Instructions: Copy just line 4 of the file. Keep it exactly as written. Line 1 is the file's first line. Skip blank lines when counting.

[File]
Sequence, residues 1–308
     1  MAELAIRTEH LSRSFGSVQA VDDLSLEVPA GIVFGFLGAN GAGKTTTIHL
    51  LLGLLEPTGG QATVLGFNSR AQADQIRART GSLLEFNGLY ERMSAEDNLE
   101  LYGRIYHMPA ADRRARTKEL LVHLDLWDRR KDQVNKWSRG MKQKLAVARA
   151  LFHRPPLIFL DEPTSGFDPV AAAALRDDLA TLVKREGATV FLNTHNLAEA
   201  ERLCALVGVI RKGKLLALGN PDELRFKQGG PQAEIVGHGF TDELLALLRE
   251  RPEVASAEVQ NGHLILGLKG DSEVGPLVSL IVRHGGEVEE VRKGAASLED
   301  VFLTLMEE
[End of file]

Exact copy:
   101  LYGRIYHMPA ADRRARTKEL LVHLDLWDRR KDQVNKWSRG MKQKLAVARA